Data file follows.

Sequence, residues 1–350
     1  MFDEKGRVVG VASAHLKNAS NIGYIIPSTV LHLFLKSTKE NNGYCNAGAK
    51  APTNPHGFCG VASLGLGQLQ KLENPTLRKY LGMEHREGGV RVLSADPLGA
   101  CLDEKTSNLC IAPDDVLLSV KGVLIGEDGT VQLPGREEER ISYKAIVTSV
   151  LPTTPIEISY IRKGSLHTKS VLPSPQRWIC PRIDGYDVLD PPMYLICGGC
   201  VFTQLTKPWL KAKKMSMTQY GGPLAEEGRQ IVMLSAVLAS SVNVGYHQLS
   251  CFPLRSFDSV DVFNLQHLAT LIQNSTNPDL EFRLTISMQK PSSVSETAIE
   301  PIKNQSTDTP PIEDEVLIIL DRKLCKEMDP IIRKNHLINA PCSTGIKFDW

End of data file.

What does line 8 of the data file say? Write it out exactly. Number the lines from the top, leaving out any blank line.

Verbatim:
   301  PIKNQSTDTP PIEDEVLIIL DRKLCKEMDP IIRKNHLINA PCSTGIKFDW